http://www.who.int/csr/disease/avian_influenza/en/
Countries with Human Cases
Can you
eat chicken?
Jacques Chirac – says YES
             Avian Influenza and
              Genetic Exchange
   Avian and human flu viruses can exchange genes
    when a person is infected with viruses from both
    species – (human vaccination important to prevent
    this)
       Gives rise to a completely new subtype of influenza
          humans would have little if any natural immunity
          If the new virus contains sufficient human
           genes, person to person transmission can occur
           (instead of from bird to humans only)
              Pandemic
Mixing of Influenza Viruses
Gene Sharing
Pandemic Influenza
   A “novel” influenza virus detected in humans
   A virus not previously known to infect humans
   Little to no immunity in the general public
   The virus will infect all age groups
   The “novel” virus spreads from person-to-person
    throughout multiple countries and continents
Pandemics Do Happen!                                                         H9*
                                                                                     1998 1999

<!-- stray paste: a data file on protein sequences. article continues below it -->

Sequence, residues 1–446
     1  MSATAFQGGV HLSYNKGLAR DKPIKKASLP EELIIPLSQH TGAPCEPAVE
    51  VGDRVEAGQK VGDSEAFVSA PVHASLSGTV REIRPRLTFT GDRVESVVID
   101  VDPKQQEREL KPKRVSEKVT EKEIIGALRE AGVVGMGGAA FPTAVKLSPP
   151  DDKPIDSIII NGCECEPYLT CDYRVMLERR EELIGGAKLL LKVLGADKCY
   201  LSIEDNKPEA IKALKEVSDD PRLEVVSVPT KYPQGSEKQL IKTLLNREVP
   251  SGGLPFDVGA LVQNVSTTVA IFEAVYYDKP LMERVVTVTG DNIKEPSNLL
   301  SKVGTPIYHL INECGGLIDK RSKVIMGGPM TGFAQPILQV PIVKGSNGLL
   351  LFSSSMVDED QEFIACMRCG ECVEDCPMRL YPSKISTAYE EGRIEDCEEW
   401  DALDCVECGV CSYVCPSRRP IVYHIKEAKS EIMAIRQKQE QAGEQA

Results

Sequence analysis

2003
                                                                             H5*
                                                                                 1997 2003-2006
                                                        H7*
                                                               1980           1996 2002
                                                                                    2003 2004
                                                   H1
                                           H3
                             H2
H1                                                       1977

 1915        1925   1935   1945     1955        1965    1975          1985    1995          2005



   1918                         1957          1968                                   *Avian      Flu